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Re: [PROPOSAL] Safe Memory Management for the Python/SWIG bindings

From: David James <james82_at_gmail.com>
Date: 2005-07-25 03:29:23 CEST

On 7/22/05, Mark Benedetto King <mbk@lowlatency.com> wrote:
> I know nothing of SWIG, but am a little concerned by this sort
> of GC interaction. What happens when a pool goes out-of-scope
> from Python's point of view, but references to it remain in
> datastructures in other pools?
> Phrased differently, how does python know whether the pool is
> still reachable?
Currently? It doesn't. It's your responsibility to keep the pool alive
by keeping it in scope. If you don't do this, Python will segfault.

I'd like to improve this situation, by keeping track of all of the
objects that were created from a pool. If we do this, the pool will
stay in scope as long as its child Python objects are still in scope.
After the pool and all of the Python-visible child objects have gone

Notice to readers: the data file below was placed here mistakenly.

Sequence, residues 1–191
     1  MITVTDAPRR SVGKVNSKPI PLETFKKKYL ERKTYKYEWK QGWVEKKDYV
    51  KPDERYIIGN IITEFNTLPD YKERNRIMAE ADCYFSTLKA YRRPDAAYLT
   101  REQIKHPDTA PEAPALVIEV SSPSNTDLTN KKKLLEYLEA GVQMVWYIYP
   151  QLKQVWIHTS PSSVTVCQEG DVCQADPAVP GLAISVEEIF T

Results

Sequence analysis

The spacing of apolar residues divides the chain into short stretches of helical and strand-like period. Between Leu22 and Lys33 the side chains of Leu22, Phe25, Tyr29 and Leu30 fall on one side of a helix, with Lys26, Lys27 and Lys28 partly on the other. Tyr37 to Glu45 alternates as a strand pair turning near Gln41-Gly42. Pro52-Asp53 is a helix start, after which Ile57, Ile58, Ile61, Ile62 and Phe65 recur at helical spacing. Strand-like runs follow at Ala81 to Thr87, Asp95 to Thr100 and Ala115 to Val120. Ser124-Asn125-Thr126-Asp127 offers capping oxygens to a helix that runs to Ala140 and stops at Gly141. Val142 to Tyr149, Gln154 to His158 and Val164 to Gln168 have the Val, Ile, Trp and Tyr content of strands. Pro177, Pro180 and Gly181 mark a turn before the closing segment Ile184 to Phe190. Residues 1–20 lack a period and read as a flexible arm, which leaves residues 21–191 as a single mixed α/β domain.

out of scope, Python will delete the pool. Does this seem safe?

Python will only delete pools that were originally created in Python
-- we don't try to manage the C library subpools. In some cases (e.g.
callback functions), the Subversion library hands the Python
interpreter values which were created by an internal subpool. When the
internal subpool is deleted, your variables will be invalid -- but
Python won't know this. If you try to access a variable after its pool
has been deleted, Python will segfault.

I don't like segfaults. I'd like to see Python raise an exception instead.



David James -- http://www.cs.toronto.edu/~james
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Received on Mon Jul 25 03:30:35 2005

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